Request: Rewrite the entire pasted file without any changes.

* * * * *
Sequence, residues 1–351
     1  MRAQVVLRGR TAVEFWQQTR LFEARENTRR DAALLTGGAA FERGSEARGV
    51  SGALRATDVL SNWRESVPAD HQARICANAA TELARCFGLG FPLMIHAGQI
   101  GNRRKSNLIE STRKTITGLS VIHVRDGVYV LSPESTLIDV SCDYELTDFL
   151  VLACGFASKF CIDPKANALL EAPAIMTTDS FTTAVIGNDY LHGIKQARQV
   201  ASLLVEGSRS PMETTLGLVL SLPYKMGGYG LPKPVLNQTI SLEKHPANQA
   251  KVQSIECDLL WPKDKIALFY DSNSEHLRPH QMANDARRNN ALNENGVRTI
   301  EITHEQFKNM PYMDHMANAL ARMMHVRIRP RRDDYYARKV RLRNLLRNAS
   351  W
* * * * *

Sequence, residues 1–351
     1  MRAQVVLRGR TAVEFWQQTR LFEARENTRR DAALLTGGAA FERGSEARGV
    51  SGALRATDVL SNWRESVPAD HQARICANAA TELARCFGLG FPLMIHAGQI
   101  GNRRKSNLIE STRKTITGLS VIHVRDGVYV LSPESTLIDV SCDYELTDFL
   151  VLACGFASKF CIDPKANALL EAPAIMTTDS FTTAVIGNDY LHGIKQARQV
   201  ASLLVEGSRS PMETTLGLVL SLPYKMGGYG LPKPVLNQTI SLEKHPANQA
   251  KVQSIECDLL WPKDKIALFY DSNSEHLRPH QMANDARRNN ALNENGVRTI
   301  EITHEQFKNM PYMDHMANAL ARMMHVRIRP RRDDYYARKV RLRNLLRNAS
   351  W